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dc.contributor.authorKokensparger, Brianen_US
dc.date.accessioned2014-06-09T20:02:16Z
dc.date.available2014-06-09T20:02:16Z
dc.date.issued2010-11-17en_US
dc.identifier.otherLectionary number: 499en_US
dc.identifier.urihttp://hdl.handle.net/10504/55195
dc.description.abstractA friend told me a few months back about her father, who had a heart condition. He was having palpitations (irregular heartbeats), and was worried that he was having a heart attack. He went in to see the doctor, who discovered a strange thing: his heart had slowly become encased in a thick layer of tissue, which constricted it from beating freely, and thus the heart responded by beating irregularly. The surgery involved opening the chest cavity and peeling the layer off the heart, like peeling off the white inner-layer of an orange. After the surgery, the palpitations disappeared altogether, and he found he had a lot more energy.||I am reminded of this when I read today's Gospel passage, especially the part where one of the servants simply hid away the gold coin, out of fear that it would become lost or stolen. The servant did not use the coin to advance his master's wealth. Instead, the coin used the servant, and fear was the vector.|Fear is a funny thing. It is supposed to protect us, but often becomes a debilitating factor which leads us open to more harm than we would otherwise be.|Like my friend's father's heart, fear encapsulates us slowly, unwittingly, until we awake one day and find ourselves constricted, unable to perform our normal daily activities, imprisoned in something which is supposed to keep us safe.|The servant may have done well to heed the spiritual masters and put last things first, to meditate upon his own death. This might sound morbid to some, but the truth is this: we are all - every one of us - going to die someday. And when we do, the riches that we have accumulated, the cars, the houses, the fame, the fortune, will not go with us. These things are fleeting, and to that extent, the more we focus upon them, the more they limit our movement, the more they constrict our hearts.|How many of us operate out of a fear of losing the things that we own? Could it be said, then, that they own us? Our memorialized saint of the day, St. Elizabeth of Hungary, refused to be owned by the trappings of European royalty - she chose instead to dress simply and to share her wealth daily with the poor folks who gathered at the palace gates. Even when she was mistreated and thrown out of the palace after the death of her young husband, she continued to share whatever she had with the poor.|It is this act of sharing what one has, not the quantity of the sharing, which provides the experience that Jesus refers to time and time again in the Gospels.|Instead of giving us opportunities to develop and grow, when we view our possessions as items to protect at all costs, they constrict our growth and limit our freedom of movement, because we keep them hidden away in handkerchiefs.And that, I believe, is what the passage is ultimately about: Growth. Who grew more, the servant who turned one gold coin into ten, or the one who carefully hid and protected the one? It is a different mindset about life.|In the first reading, from Revelation, I am encouraged by the elders who, despite their splendor, "threw down their crowns before the throne." Their words of praise could be summed up by one more modern one: "Crowns? We don't need no stinking crowns!" Even King David comes to mind in the psalm of the day, showing us how to get up and praise the Lord with music and dance. No constriction there!|Life is too short to live in fear. Let's get out there and bang our drums!en_US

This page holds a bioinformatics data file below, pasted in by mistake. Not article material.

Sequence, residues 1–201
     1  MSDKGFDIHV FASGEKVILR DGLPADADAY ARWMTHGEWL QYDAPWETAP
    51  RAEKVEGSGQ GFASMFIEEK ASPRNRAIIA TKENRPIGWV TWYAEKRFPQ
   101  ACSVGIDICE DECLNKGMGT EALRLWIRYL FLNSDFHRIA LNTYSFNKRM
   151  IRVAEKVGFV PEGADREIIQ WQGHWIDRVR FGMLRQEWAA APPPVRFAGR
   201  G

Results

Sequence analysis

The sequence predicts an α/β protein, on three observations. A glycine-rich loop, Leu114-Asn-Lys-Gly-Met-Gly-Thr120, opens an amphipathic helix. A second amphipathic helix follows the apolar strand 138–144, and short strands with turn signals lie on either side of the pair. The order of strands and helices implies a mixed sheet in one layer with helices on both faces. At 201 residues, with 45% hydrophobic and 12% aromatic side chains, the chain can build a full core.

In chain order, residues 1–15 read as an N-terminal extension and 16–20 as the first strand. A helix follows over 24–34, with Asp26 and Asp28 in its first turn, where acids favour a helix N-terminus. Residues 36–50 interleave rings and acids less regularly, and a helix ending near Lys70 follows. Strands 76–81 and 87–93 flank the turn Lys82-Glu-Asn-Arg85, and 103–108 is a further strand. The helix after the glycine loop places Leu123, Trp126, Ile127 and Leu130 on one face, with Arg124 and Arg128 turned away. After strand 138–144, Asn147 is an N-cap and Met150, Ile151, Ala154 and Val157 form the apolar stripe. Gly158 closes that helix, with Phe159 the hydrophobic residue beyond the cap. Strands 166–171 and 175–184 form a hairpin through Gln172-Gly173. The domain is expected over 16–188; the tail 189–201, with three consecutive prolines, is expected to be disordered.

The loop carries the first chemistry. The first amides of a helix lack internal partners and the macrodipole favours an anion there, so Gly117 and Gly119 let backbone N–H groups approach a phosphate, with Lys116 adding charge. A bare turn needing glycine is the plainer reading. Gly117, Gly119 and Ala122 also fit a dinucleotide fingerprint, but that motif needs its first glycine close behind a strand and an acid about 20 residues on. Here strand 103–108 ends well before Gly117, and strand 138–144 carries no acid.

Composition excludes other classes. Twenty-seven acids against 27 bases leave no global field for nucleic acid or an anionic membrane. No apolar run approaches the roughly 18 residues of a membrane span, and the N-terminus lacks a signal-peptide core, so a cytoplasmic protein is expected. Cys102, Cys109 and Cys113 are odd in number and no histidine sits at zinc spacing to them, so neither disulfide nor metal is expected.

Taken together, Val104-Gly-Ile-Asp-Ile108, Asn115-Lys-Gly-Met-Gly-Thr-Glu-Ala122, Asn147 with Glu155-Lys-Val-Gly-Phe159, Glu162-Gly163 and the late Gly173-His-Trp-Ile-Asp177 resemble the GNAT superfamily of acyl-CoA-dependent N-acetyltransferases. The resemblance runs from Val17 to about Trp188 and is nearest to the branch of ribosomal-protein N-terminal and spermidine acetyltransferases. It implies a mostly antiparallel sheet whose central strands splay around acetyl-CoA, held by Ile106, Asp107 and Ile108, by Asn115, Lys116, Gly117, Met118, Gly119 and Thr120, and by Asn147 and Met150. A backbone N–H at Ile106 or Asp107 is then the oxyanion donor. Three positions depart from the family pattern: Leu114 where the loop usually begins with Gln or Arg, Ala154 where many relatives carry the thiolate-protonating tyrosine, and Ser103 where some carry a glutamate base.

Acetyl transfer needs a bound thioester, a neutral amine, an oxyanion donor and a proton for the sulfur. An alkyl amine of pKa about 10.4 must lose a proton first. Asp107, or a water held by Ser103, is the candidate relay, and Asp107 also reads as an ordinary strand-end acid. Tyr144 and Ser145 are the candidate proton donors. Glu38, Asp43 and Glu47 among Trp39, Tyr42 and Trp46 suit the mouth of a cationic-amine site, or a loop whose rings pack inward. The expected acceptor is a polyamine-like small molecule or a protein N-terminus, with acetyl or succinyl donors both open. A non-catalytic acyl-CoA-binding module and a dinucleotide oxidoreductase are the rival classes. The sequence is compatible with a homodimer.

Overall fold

dc.language.isoen_USen_US
dc.publisherUniversity Ministry, Creighton University.en_US
dc.relation.urihttps://dspace.creighton.edu/xmlui/handle/10504/65023
dc.rightsThese reflections may not be sold or used commercially without permission. Personal or parish use is permitted.en_US
dc.subject.otherSt. Elizabeth of Hungaryen_US
dc.titleReflection for Wednesday, November 17, 2010: Memorial of St. Elizabeth of Hungary.en_US
dc.typeEssay
dc.rights.holderUniversity Ministry, Creighton University.en_US
dc.publisher.locationOmaha, Nebraska, United Statesen_US
dc.date.day17en_US
dc.date.year2010en_US
dc.date.monthNovemberen_US
dc.program.unitCollege of Arts and Sciencesen_US
dc.program.unitJournalism, Media and Computingen_US
dc.url.link1http://onlineministries.creighton.edu/CollaborativeMinistry/daily.htmlen_US
dc.contributor.cuauthorKokensparger, Brian J.en_US
dc.date.daynameWednesdayen_US
dc.date.seasonOrdinary Timeen_US
dc.date.weekWeek: 33en_US
dc.relation.nexthttps://dspace.creighton.edu/xmlui/handle/10504/55197
dc.relation.previoushttps://dspace.creighton.edu/xmlui/handle/10504/55191
dc.subject.local1Revelation 4:1-11en_US
dc.subject.local2Psalms 150:1b-2, 3-4, 5-6en_US
dc.subject.local4Luke 19:11-28en_US
dc.title.seriesDaily Reflections (Meditations) on the Scriptures from the Roman Catholic Lectionary.en_US
dc.date.cycleYear IIen_US


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    Reflections written by Creighton University faculty, staff, and administrators on the daily mass readings.

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